Will weakening Hurricane Florence affect the U.S.? Some models put Eastern Seaboard on alert

[National Hurricane Center]
[National Hurricane Center]
Published September 6 2018
Updated September 6 2018

Hurricane Florence remains far out in the Atlantic, but Bermuda — and perhaps the Eastern Seaboard — remain on alert as various models show it could begin to impact those areas by next week.

The biggest question in the next few days: Will the storm take its previously projected turn to the north, or — as some of the latest models suggest — will it stay on more of a westerly path that could target areas along the mid-Atlantic, including North Carolina?

Wind shear has helped weaken Florence into a Category 2 storm with 105 mph winds as off 11 a.m., and it was about 1,115 miles east-southeast of Bermuda.

PREVIOUS STORY: Hurricane Florence strengthens into a Category 4 storm as two other tropical waves develop

The track still remains in flux, though, as it currently continues on a northwesterly path at 12 mph, according to the National Hurricane Center.

Hurricane center forecasters say it will slow down before turning toward the west by the weekend, and could produce swells and high surf in Bermuda by Friday and parts of the East Coast over the weekend.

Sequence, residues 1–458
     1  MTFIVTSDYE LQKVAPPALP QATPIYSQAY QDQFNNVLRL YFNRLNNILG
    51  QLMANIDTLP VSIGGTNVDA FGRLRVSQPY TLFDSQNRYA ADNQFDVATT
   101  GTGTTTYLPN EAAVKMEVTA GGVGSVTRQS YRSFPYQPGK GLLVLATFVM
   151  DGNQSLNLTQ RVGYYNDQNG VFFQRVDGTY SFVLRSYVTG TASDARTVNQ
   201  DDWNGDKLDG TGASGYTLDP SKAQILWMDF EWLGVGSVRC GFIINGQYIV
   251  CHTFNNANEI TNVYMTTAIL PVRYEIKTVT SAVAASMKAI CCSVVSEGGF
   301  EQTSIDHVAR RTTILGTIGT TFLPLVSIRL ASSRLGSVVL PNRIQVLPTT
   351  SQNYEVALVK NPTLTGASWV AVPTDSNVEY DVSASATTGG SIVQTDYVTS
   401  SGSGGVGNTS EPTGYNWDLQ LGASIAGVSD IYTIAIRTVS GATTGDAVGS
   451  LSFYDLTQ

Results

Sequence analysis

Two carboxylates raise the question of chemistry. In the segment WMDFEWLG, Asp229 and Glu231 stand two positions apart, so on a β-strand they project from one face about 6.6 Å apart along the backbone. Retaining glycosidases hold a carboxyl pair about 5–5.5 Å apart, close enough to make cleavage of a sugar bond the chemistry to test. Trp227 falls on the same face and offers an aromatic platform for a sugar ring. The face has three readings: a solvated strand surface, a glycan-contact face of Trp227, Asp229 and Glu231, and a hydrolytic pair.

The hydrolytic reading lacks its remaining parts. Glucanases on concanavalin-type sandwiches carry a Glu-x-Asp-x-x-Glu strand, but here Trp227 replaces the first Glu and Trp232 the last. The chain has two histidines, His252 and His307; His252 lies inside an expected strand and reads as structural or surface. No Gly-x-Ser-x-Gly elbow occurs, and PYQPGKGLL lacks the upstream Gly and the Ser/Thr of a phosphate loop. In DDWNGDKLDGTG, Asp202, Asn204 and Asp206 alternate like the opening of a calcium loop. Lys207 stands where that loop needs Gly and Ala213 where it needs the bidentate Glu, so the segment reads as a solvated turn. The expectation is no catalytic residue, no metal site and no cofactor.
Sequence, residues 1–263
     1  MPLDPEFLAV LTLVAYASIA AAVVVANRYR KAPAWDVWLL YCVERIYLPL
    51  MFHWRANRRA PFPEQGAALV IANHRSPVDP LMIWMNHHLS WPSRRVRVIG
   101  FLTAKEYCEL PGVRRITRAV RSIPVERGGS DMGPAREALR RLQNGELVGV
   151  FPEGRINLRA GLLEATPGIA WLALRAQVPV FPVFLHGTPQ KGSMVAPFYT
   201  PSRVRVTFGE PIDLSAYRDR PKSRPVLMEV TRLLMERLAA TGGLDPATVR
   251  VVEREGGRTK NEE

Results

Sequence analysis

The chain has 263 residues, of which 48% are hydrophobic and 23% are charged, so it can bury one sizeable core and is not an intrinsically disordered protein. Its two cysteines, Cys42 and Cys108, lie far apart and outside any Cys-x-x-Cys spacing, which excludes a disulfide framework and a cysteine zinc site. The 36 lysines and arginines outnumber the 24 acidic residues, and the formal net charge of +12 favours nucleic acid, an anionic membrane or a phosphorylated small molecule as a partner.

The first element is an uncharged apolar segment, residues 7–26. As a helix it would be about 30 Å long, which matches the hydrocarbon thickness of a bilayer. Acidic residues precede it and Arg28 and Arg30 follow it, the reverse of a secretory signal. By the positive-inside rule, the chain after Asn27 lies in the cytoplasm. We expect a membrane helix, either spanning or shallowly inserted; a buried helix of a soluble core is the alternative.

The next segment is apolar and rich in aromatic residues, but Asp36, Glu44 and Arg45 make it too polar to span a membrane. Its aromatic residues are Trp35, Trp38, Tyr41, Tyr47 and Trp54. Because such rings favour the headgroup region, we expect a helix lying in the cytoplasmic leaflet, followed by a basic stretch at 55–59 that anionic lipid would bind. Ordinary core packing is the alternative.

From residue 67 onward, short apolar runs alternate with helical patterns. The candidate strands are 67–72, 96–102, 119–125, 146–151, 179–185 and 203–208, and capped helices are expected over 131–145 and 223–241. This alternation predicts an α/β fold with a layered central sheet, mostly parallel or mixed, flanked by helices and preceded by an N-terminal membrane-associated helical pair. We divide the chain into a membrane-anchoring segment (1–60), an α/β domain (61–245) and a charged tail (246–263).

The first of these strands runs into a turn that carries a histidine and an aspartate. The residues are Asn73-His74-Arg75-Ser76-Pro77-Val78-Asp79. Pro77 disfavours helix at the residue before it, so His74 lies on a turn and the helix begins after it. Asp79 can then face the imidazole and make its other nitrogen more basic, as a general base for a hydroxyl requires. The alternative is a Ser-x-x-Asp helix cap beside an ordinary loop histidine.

Meteorologists and weather watchers are keeping a close eye on the path, and the changing models that have Florence shifting to the west.

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While the immediate attention is on Florence, forecasters continue to monitor two other tropical waves that could develop into the next tropical systems — which could be named Helene and Isaac.

Conditions are favorable for the first, approaching the Cabo Verde Islands, to become Helene. It has a 70 percent chance of development by this weekend. The second has yet to move off Africa’s west coast, but still has a 50 percent chance of development in the next five days, forecasters said.

Gordon, meanwhile, has weakened into a tropical depression over Mississippi but will be a heavy rainmaker as it continues on a path to the north, eventually reaching the Great Lakes, forecasters said.


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